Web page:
Britain and the United States in the Caribbean: A Comparative Study in Methods of Development

By Mary Proudfoot | Go to book overview

Chapter VII
POLITICAL LIFE

1. THE BACKGROUND

Just as local government has been conspicuous by its inadequacy throughout the area, so political activity has been, at any rate until the last decade, confined to a very small proportion of the population; and the issues confronting even that small proportion have not been, except possibly in Puerto Rico, such as to encourage the emergence of clear-cut political creeds. The reason for this would seem to be that the social and economic background necessary for political life has been, and is still to a great extent, absent from the average West Indian community.

Political activity, as this is understood in the western democracies, is likely to be a characteristic of a society with a differentiated class structure, where there are a variety of economic and social groups, each playing a necessary part in the community, and each strong enough to stand up to competing groups. Political activity flourishes where there is a strong middle class, since this is the class which has an interest in the stability of the community, but is constantly striving to improve existing conditions; and it is this class which must provide both the professional elements and the intelligentsia, who give, as it were, the intellectual content to politics. Political activity requires a unionized or partly unionized working class, since the trade unions are the breeding ground and school for politicians emerging from the rank and file of the people. Politics require a standard of living for the majority which is well above subsistence level, since at that level men either do not think at all, or they think in terms of revolution, which is the failure and negation of politics. Finally, political activity as practised in the western democracies requires an educated community, accustomed to reaching reasonable decisions in a reasonable manner. The economic background of West Indian society has precluded the emergence of any of these background conditions.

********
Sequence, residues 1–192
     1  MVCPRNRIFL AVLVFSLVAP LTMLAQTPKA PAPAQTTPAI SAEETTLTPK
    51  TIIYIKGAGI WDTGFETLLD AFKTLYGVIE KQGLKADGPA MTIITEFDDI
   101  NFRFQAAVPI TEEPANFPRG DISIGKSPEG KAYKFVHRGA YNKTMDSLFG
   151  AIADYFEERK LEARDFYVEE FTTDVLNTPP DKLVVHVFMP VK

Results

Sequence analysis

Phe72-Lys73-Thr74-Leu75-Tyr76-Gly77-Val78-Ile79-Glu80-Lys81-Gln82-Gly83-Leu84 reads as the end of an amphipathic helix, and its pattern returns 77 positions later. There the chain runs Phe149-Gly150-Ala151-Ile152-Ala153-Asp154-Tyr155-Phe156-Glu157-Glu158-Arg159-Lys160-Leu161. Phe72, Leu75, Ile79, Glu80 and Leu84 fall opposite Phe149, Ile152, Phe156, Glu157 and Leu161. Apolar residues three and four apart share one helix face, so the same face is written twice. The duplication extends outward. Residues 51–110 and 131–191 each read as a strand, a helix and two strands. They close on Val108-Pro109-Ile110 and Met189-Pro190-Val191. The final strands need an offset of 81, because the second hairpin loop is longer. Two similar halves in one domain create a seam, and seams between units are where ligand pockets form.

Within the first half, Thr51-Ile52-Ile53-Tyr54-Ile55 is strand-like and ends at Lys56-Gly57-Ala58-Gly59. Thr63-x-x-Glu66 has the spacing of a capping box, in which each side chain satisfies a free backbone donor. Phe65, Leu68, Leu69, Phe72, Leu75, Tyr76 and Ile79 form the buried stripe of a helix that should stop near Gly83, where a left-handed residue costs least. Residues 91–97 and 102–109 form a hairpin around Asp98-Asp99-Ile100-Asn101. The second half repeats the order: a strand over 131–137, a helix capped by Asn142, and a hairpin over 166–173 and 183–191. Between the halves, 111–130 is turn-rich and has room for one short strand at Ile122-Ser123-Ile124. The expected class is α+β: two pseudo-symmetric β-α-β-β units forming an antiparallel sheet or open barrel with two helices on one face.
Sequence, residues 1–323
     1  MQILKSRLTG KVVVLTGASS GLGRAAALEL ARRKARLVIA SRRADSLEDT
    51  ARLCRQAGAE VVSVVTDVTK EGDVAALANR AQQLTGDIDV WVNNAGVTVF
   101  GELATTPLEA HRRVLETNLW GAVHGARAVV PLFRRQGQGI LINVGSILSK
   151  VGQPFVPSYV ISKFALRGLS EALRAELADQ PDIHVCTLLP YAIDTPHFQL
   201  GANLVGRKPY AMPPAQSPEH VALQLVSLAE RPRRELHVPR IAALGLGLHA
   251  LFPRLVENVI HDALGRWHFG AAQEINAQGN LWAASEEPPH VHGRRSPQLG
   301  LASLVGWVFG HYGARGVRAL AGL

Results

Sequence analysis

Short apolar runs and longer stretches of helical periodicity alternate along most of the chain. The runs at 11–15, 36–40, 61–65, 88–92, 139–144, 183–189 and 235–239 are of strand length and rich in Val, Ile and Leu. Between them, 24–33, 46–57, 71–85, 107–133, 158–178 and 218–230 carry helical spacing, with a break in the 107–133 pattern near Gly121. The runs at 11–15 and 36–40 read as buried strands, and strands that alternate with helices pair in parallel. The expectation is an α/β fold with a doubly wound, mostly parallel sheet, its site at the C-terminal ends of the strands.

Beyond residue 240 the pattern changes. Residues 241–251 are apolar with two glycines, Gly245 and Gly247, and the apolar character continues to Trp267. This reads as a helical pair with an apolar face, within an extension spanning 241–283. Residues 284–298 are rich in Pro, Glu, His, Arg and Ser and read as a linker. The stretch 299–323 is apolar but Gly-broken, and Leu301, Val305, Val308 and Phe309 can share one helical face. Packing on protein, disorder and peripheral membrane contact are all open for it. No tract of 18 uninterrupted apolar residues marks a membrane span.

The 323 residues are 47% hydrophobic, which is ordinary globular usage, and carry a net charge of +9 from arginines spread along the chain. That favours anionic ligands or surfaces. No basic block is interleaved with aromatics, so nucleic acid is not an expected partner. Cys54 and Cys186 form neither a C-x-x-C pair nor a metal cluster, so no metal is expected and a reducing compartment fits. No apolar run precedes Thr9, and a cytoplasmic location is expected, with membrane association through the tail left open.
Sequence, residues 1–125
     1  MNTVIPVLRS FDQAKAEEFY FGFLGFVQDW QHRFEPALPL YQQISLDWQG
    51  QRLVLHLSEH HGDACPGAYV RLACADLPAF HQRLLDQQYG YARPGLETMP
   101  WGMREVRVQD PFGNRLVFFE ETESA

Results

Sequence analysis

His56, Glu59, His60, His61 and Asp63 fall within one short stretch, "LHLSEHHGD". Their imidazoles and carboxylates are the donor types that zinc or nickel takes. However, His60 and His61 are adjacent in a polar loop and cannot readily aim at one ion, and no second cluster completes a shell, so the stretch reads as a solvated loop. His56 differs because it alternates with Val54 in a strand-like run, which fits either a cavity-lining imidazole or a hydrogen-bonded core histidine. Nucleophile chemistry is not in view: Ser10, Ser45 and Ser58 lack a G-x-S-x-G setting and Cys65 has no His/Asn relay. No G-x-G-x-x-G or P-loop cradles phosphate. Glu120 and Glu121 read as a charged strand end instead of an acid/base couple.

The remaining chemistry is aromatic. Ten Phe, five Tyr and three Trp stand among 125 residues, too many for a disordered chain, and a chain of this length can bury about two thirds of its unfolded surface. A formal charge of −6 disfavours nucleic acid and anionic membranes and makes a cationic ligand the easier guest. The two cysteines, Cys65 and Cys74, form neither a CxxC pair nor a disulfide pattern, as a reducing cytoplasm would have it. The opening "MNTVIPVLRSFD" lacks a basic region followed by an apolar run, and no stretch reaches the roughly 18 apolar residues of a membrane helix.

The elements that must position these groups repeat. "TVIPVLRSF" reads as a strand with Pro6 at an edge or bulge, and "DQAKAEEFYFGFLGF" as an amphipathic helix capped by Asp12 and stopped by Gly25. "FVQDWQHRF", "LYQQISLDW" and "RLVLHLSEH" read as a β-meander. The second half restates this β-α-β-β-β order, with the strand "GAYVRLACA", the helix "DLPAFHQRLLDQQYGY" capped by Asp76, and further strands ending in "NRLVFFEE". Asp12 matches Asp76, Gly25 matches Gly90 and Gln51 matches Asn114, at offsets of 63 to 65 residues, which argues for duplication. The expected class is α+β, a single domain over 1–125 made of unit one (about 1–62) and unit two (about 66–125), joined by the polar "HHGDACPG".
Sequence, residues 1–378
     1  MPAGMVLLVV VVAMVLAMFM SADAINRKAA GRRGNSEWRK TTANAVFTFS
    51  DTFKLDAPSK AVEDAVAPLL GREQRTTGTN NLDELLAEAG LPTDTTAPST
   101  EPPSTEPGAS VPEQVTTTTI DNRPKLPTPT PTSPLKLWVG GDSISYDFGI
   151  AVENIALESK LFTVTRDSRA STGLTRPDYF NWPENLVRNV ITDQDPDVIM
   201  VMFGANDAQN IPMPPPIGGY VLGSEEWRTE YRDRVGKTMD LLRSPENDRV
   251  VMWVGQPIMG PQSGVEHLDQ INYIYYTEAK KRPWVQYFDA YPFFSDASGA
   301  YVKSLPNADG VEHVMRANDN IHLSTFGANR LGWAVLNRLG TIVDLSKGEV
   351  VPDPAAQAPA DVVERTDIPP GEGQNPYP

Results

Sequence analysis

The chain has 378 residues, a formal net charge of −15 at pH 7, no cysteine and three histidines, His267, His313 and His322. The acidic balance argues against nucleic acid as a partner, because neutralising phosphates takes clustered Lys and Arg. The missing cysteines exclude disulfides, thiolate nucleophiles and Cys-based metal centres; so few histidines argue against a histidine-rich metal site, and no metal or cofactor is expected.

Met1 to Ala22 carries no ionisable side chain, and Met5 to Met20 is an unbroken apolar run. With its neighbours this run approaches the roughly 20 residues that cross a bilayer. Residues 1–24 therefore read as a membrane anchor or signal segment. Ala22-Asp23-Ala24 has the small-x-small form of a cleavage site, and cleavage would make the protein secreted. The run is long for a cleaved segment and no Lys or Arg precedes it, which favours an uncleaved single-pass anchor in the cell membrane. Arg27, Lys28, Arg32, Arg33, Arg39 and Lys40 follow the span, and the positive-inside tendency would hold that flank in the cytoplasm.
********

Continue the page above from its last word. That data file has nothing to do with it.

Because of the nature of the West Indian economy, the class structure of the average West Indian community is a very simple

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Britain and the United States in the Caribbean: A Comparative Study in Methods of Development
Table of contents

Table of contents

  • Title Page v
  • Editor's Introduction vii
  • Author's Preface x
  • Contents xiv
  • List of Tables xx
  • Chapter I - Introductory 1
  • Chapter II - The Constitutional Relationship 10
  • Chapter III - The Economic Relationship 38
  • Chapter IV - The Structure of Society 65
  • Chapter V - The Central Government 97
  • Chapter VI - The Local Government 134
  • 3. Conclusions 151
  • Chapter VII - Political Life 153
  • Chapter VIII - Economic Life 178
  • Chapter IX - Labour 222
  • Chapter X - Social Life 243
  • Chapter XI - Education 281
  • 7. Conclusions 305
  • Chapter XII - Population Problems 307
  • Chapter XIII - The Possibilities of Federation For The British West Indies 330
  • Chapter XIV - The Alternatives for the American Dependencies 350
  • Chapter XV - General Conclusions 359
  • Abbreviations 362
  • Abbreviated References 363
  • Index 419
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